An ongoing concern is the impact of climate change on Rwenzori's glaciers. In 1906, the Rwenzori had 43 named glaciers distributed over six mountains with a total area of 7.5 square kilometres (2.9 sq mi), about half the total glacier area in Africa. By 2005, less than half of these were still present, on only three mountains, with an area of about 1.5 square kilometres (0.58 sq mi). Recent scientific studies, such as those by Richard Taylor of University College London, have attributed this retreat to global climate change and have investigated the impact of this change on the mountain's vegetation and biodiversity.
- Scheffel, Richard L.; Wernet, Susan J., eds. (1980). Natural Wonders of the World. United States of America: Reader's Digest Association, Inc. p. 327. ISBN 0-89577-087-3.
- "Climate Change and the Aquatic Ecosystems of the Rwenzori Mountains". Makerere University and University College London. 15 September 2007. Retrieved 2 February 2014.
- Wayland, E. J. (July–December 1934). "Rifts, Rivers, Rains and Early Man in Uganda". Journal of the Royal Anthropological Institute. Royal Anthropological Institute of Great Britain and Ireland. 64: 333–352. doi:10.2307/2843813. JSTOR 2843813.
- "Rwenzori Mountains National Park". Rwenzori Abruzzi. 27 May 2006. Archived from the original on 5 March 2008. Retrieved 6 May 2008.
- "Vittorio Sella". Rwenzori Abruzzi Centenary Celebrations. 2006. Archived from the original on 8 May 2008. Retrieved 9 August 2008.
- Flowers of the Moon, Afroalpine vegetation of the Rwenzori Mountains, Schutyser S., 2007, 5 Continents Editions, ISBN 978-88-7439-423-4.
- Wielka Grań Ruwenzori 1975, Wojtera T., Taternik iss 3. 1976.
- Linder, H. Peter; Gehrke, Berit (2 March 2006). "Common plants of the Rwenzori, particularly the upper zones" (PDF). Institute for Systematic Botany, University of Zurich. Archived from the original (PDF) on 30 May 2008. Retrieved 6 June 2017.
- "RWENZORI MOUNTAINS NATIONAL PARK, UGANDA". Protected Areas and World Heritage. United Nations Environment Programme. March 1994. Archived from the original on 25 March 2008. Retrieved 8 May 2008.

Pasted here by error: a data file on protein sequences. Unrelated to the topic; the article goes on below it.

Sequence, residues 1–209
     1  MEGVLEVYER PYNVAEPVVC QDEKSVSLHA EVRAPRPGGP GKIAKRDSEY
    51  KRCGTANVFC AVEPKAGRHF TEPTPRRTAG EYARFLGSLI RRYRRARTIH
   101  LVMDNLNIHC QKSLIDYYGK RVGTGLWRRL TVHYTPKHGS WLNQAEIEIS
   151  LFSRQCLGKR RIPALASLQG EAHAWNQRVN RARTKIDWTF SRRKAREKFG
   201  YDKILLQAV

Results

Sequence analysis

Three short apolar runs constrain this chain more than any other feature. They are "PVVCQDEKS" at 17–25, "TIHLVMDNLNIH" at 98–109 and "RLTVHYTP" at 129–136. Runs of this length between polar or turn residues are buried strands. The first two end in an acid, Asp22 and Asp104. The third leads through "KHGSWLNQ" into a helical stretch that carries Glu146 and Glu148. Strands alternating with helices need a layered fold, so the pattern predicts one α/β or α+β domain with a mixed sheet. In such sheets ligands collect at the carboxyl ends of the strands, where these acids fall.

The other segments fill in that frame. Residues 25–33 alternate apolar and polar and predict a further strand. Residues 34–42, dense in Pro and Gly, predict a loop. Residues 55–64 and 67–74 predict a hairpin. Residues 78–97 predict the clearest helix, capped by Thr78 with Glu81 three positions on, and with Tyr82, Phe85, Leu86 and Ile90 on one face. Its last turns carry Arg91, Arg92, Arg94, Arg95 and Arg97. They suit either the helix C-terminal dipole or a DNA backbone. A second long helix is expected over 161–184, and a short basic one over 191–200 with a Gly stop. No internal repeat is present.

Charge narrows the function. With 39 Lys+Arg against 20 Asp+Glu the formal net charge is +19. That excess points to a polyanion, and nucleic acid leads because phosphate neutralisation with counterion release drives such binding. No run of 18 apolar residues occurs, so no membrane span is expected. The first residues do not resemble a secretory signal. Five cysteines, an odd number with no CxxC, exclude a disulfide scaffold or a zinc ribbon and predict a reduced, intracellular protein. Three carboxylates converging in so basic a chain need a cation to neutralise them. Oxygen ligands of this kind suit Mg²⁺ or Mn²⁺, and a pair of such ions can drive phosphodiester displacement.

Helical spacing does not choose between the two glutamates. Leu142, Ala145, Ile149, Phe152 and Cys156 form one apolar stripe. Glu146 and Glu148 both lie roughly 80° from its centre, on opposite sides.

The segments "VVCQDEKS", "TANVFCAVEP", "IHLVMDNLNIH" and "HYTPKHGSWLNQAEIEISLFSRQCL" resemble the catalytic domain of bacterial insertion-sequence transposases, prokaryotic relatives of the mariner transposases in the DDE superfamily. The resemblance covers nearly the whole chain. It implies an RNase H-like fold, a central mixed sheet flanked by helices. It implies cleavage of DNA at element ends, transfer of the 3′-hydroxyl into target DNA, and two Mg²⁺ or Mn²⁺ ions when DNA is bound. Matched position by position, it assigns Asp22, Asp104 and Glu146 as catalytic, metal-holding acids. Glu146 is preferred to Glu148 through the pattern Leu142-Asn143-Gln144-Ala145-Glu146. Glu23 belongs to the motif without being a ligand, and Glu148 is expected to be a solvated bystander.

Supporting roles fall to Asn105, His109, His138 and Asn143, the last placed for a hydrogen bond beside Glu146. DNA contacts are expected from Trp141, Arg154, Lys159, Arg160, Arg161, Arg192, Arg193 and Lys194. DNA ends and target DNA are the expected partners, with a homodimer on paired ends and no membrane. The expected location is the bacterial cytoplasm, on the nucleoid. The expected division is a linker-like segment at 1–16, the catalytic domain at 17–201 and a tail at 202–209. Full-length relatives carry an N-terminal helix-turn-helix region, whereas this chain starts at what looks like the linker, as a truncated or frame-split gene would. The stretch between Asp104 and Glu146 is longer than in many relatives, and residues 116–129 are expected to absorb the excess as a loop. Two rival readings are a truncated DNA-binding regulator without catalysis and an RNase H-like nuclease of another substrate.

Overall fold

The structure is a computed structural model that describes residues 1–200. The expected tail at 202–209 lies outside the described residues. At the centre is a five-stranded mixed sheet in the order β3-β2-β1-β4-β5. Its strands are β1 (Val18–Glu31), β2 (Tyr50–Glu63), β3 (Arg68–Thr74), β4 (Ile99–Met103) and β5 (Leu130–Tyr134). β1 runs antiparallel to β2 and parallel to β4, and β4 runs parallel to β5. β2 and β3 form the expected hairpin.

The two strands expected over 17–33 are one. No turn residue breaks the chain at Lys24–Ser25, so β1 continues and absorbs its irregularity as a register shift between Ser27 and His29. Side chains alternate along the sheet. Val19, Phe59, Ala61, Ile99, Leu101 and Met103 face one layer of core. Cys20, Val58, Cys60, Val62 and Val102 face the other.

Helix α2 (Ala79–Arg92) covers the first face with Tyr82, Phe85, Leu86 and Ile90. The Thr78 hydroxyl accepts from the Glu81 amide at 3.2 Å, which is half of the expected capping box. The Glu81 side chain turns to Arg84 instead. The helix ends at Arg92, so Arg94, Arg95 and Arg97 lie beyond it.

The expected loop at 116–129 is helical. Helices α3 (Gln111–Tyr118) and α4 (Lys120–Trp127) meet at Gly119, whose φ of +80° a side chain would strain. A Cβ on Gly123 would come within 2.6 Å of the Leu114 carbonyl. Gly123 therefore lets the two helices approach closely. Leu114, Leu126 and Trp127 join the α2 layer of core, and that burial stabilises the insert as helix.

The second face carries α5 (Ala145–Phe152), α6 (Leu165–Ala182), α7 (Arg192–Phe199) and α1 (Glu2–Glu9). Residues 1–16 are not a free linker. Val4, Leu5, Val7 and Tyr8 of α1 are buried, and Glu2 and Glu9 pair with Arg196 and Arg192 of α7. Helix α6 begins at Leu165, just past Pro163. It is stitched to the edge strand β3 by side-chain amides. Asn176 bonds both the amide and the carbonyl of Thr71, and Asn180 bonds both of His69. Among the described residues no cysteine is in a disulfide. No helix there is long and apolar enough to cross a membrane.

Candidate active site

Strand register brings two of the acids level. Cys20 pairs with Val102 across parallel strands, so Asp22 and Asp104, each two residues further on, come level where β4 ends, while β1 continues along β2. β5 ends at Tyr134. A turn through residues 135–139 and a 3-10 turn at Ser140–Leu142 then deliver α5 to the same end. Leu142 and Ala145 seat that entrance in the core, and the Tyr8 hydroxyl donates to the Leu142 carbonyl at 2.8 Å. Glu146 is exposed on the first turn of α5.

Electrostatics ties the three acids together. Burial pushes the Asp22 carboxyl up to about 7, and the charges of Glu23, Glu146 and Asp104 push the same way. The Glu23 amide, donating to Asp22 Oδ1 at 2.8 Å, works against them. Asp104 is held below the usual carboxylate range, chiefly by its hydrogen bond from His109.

- "Forest Resources of Tropical Africa". Tropical Forest Resources Assessment Project (reprint ed.). Food and Agriculture Organization of the United Nations. 1984. UN 32/6.1301–78–04. Retrieved 12 May 2008.
- Taylor, R. G.; Mileham, L.; Tindimugaya, C.; Majugu, A.; Muwanga, A.; Nakileza, B. (2006). "Recent glacial recession in the Rwenzori Mountains of East Africa due to rising air temperature". Geophysical Research Letters. 33 (10): L10402. doi:10.1029/2006GL025962.
- Tom Knudson, In the Mountains of the Moon, A Trek to Africa’s Last Glaciers, Yale Environment 360 Report, 4 Feb 2010
- [Rwenzori Glaciers (East Africa)], Tropical Glaciology Group, Innsbruck University
- Glaciers of the Middle East and Africa, Williams, Richard S., Jr. (editor) In: U. S. Geological Survey Professional Paper, 1991, pp.G1-G70
- Guide to the Ruwenzori, Osmaston,H.A., Pasteur,D. 1972, Mountain Club of Uganda. 200 p.
- Recession of Equatorial Glaciers. A Photo Documentation, Hastenrath, S., 2008, Sundog Publishing, Madison, WI, ISBN 978-0-9729033-3-2, 144 pp.
- Tropical Glaciers, Kaser, G., Osmaston, H.A. 2002, Cambridge University Press, UK. 207 p.
- Ruwenzori, De Filippi, F. 1909. Constable, London. 408 p.
- Greenpeace article "The Death of the Ice Giants"
- BBC Article "Fabled ice field set to vanish"
- Dr Taylor's Homepage, with information about the impact of climate change on Rwenzori.
- Kaser et al. 2006, in International Book of Climatology 24: 329–339 (2004)
|Wikimedia Commons has media related to Ruwenzori Range.|
|Wikisource has the text of the 1920 Encyclopedia Americana article Ruwenzori.|
- World Wildlife Fund, ed. (2001). "Ruwenzoris". WildWorld Ecoregion Profile. National Geographic Society. Archived from the original on 8 March 2010.
- UWM.edu: 1937 aerial photographs of Rwenzori Mountains — University of Wisconsin-Milwaukee Libraries Digital Collections.
- Beach, Chandler B., ed. (1914). The New Student's Reference Work. Chicago: F. E. Compton and Co. .